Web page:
The Si3 N4 layers of this invention have respective thicknesses which may be adjusted so as to "fine tune" the color control, chemical resistance, scratch resistance, and anti-reflection characteristics of the coated glass article.

It should now be clearly understood from the above description of this invention that the coated glass articles of this invention, of Ser. No. 08/102,281, and of Ser. No. 07/876,350 can be sequentially produced in the same sputter coater by simply adjusting the appropriate power levels and atmospheres of predetermined zones. This, for example, overcomes the problem of having to shut down the sputter coater from production of the unheat-treatable low-E coated glass of Ser. No. 07/876,350 when the need arises for production of: (i) a heat-treatable coated glass which after being heat treated, exhibits optical characteristics which substantially match those of the unheat-treatable coated glass of Ser. No. 07/876,350; or (ii) the heat-treatable coated glass of Ser. No. 08/102,281. By simply increasing the power to target P2 by a factor of about 2-3 and decreasing the power to target P2 by about 5-15% from the sputter coater setup of Ser. No. 07/876,350, or vice versa, while changing the gas mixture in coat Zone 3, the same sputter coater, without shutting down, produces the heat-treatable coated glass article of this invention illustrated in FIG. 3. This process will be more fully described below in Example 1.

The above-described preferred embodiments of this invention allow one to substantially match the optical characteristics of a heat-treated coated glass article to those of an unheat-treated coated glass article. A significant advantage of this invention then is that the heat-treatable coated glass illustrated, for example, in FIG. 3 may be coated and cut before being tempered. This, in turn, allows the manufacturer to stockpile uncut coated heat-treatable glass which has the ability, after being heat-treated, to substantially match the optical characteristics of another, highly advantageous, but unheat-treatable glass such as that of Ser. No. 07/876,350. Therefore, in practice, with both types of glass in stock and uncut, upon receiving multiple orders from a customer(s) requesting different sizes of a heat-treated (e.g. tempered) glass with optical properties substantially matching those of the nonheat-treatable glass of Ser. No. 07/876,350, also being ordered, the manufacturer need only select for cutting from general inventory unheat-treatable and heat-treatable coated glass of this invention and cut them to their requisite sizes, heat-treat the heat-treatable glass sheets, and deliver the entire order to the customer(s) promptly, and without waiting for special order runs to be made. Heretofore, when only the unheat-treatable, but highly advantageous, coating system of Ser. No. 07/876,350 was available a significant time lag in order fulfillment and inventory problem existed. That is because, of course, when the order required some of the glass to be heat treated (e.g. tempered and/or bent) as well as perhaps cut to sizes different than the unheat treated glass, either huge inventories of various sizes of precut but uncoated glass sheets had to be maintained as the customer had to wait for the glasses to be taken from general inventory (1) pre-cut, (2) some tempered, and (3) all thereafter coated. With the advent of this invention an inventory of coated glass can be maintained of the two different (or more) layer systems. When a mixed order(s) comes in, the customer(s) needs are rapidly filled since the coating step has already taken place.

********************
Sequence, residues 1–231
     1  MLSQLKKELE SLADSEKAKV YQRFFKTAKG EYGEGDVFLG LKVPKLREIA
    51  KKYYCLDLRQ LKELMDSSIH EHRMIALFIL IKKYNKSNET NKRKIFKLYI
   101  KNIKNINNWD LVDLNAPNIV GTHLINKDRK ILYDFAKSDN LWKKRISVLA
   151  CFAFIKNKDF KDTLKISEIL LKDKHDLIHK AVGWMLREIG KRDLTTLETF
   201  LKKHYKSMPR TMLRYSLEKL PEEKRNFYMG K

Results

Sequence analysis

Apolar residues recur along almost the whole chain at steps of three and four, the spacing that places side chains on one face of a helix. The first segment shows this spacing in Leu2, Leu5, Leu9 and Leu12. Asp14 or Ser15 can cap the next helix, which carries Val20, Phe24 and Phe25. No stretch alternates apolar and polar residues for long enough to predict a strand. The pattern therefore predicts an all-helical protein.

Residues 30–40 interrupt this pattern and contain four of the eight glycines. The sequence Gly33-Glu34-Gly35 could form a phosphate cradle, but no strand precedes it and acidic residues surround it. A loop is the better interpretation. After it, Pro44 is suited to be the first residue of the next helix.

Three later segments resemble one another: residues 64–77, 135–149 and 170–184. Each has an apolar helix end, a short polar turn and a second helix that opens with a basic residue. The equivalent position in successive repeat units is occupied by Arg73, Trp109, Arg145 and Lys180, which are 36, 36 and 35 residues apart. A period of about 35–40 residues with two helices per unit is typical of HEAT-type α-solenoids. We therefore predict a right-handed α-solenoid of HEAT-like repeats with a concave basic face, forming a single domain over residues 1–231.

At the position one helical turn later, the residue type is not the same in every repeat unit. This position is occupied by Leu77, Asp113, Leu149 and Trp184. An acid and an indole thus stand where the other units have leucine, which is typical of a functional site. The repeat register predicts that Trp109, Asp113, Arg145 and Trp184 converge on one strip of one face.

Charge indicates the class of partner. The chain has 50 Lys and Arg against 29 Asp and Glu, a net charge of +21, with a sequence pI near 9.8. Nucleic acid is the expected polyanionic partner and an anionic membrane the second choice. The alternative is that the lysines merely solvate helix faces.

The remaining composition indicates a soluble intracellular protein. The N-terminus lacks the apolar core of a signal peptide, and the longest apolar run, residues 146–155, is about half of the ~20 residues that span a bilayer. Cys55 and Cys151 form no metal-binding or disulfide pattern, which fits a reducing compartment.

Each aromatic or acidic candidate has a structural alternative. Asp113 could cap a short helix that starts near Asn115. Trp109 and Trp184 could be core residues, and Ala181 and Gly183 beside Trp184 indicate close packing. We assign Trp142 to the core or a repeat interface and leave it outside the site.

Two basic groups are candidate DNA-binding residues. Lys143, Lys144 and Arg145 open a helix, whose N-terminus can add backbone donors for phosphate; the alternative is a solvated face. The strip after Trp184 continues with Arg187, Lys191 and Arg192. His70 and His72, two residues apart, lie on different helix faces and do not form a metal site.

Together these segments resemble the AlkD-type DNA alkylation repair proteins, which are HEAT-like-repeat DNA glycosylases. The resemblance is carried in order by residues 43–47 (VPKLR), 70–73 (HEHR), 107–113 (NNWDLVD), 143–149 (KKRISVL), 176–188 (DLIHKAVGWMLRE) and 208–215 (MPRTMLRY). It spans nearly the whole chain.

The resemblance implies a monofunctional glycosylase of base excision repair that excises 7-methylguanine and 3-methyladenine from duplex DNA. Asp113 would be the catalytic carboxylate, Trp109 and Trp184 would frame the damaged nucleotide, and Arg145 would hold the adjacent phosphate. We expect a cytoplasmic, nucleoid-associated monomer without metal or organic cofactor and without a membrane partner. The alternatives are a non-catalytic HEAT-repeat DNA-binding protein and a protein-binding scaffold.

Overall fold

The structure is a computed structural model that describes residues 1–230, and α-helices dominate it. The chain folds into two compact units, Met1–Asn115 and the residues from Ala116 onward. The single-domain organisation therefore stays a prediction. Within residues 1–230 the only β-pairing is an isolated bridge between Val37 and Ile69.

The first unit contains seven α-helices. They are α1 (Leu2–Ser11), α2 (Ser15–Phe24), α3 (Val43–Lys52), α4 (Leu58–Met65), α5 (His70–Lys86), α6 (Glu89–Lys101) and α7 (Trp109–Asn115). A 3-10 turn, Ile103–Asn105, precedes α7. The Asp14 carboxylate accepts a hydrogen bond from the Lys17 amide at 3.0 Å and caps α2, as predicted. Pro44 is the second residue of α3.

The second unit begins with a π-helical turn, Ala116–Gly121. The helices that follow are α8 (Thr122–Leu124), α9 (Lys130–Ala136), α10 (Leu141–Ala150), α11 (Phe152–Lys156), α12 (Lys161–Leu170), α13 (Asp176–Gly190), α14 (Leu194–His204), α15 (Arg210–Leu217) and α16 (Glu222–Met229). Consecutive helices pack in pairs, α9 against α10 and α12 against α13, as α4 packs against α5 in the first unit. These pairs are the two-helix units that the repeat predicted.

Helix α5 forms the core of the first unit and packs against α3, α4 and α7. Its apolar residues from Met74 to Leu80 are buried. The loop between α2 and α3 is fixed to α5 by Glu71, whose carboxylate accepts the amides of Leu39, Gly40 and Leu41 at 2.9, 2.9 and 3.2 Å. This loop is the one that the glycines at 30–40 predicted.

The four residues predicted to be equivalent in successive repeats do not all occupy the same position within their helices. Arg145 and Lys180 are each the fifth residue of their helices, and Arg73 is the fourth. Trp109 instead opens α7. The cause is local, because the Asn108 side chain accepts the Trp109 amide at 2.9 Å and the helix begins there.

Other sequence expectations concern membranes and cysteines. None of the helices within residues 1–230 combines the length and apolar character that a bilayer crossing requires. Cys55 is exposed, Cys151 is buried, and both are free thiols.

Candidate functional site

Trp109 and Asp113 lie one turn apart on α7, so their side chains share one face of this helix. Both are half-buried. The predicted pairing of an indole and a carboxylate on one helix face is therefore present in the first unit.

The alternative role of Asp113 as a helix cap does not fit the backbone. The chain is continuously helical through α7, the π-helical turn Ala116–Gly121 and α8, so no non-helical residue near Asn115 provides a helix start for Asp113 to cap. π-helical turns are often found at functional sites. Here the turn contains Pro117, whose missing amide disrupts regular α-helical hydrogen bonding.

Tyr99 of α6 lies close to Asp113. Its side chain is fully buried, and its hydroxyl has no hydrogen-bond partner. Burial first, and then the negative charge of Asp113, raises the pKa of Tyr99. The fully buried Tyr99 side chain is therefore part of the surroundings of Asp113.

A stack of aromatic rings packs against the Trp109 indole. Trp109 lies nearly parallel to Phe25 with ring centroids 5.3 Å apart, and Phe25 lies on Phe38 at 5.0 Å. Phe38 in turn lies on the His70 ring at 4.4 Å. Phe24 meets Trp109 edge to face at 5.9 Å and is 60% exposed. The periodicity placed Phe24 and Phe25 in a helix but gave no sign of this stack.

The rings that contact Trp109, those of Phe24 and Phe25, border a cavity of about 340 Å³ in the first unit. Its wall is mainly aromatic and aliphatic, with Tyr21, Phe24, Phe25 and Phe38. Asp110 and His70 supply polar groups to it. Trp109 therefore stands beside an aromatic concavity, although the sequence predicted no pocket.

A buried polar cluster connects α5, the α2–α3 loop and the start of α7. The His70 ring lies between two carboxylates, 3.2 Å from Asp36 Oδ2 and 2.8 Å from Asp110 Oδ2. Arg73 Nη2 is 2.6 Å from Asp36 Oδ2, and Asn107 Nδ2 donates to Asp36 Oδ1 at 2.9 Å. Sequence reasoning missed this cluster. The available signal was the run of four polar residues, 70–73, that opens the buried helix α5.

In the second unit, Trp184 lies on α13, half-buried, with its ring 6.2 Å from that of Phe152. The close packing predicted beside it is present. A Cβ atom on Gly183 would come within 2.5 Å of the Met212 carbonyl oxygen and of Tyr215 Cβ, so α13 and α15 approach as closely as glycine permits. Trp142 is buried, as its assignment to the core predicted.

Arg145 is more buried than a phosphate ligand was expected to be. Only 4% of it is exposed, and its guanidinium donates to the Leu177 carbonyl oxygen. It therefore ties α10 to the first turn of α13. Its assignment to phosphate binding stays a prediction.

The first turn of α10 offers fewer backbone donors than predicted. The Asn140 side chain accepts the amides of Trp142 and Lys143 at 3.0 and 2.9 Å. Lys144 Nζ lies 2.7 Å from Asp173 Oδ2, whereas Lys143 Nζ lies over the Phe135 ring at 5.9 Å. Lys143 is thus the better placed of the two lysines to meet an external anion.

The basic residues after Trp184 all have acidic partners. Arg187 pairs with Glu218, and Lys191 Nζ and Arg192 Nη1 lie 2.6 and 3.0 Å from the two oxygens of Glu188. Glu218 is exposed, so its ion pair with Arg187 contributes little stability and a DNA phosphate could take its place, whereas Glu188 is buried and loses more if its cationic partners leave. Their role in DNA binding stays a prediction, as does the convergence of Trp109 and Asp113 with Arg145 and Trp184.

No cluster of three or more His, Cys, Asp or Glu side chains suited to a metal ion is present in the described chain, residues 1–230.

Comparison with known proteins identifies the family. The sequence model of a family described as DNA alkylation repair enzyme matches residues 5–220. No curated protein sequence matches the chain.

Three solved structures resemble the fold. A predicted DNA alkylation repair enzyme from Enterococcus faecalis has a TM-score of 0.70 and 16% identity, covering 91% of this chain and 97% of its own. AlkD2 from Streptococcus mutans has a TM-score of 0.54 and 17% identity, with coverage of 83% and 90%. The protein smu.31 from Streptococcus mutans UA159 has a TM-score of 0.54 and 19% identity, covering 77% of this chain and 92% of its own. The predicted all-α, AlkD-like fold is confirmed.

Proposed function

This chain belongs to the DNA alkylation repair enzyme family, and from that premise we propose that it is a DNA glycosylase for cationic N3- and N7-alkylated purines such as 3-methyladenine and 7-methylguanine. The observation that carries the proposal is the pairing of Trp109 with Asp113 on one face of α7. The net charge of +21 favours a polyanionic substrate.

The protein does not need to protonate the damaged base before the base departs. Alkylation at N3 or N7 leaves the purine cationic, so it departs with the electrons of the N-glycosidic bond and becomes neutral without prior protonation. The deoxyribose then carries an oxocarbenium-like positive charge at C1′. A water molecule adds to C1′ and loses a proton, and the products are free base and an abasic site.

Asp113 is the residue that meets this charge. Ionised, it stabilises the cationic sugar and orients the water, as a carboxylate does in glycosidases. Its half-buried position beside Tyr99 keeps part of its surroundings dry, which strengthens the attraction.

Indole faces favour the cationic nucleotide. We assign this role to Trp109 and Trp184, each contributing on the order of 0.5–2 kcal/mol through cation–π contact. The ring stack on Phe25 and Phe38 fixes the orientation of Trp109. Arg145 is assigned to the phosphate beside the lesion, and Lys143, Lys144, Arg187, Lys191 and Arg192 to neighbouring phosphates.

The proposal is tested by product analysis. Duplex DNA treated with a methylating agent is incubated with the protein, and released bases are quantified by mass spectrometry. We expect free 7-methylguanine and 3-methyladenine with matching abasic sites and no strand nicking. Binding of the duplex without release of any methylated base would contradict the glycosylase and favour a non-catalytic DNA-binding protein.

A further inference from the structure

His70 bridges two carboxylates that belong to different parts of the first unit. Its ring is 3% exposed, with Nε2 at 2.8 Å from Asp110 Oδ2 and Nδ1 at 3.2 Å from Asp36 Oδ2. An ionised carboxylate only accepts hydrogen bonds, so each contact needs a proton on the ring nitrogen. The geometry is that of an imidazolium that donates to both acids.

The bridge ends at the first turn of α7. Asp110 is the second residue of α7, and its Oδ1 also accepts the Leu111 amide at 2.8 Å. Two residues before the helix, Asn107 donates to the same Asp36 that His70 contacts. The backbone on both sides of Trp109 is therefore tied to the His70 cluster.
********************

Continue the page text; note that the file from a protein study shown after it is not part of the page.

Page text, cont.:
This invention will now be described with respect to certain examples as follows:

EXAMPLE 1

A typical prior art Airco coated glass article ("STD") exemplified by FIG. 2, a coated glass article of this invention exemplified by FIG. 3, and an unheat-treatable coated glass of Ser. No. 07/876,350 were produced using the sputter coater of FIG. 1. The heat-treatable coated glass of this invention and the unheat-treatable Ser. No. 876,350 coated glass were sequentially produced in the same sputter coater in this example.

The coated glass article of this invention was prepared as follows.

THIS INVENTION

A clear glass substrate G, 3.2 mm thick was conveyed through the Airco sputter coater of FIG. 1 whose zones were separated in a known fashion by curtains/walls. The line speed was 320 in/min. A pre-wash and post-wash (not shown) were conventionally provided. Clear float glass substrate G progressed through Zone 1 in which the process gas was maintained at a pressure of 2.0 microns (2.0×10-3 Torr) and was a mixture of 80% nitrogen and 20% argon. All three cathodes (not shown) of Zone 1, each of which had two rotatable silicon targets, were run at a power setting which caused them via their targets (t1-6) to deposit a layer of silicon nitride (Si3 N4) at a thickness sufficient to reduce the visible transmission of the glass article to 87.5%.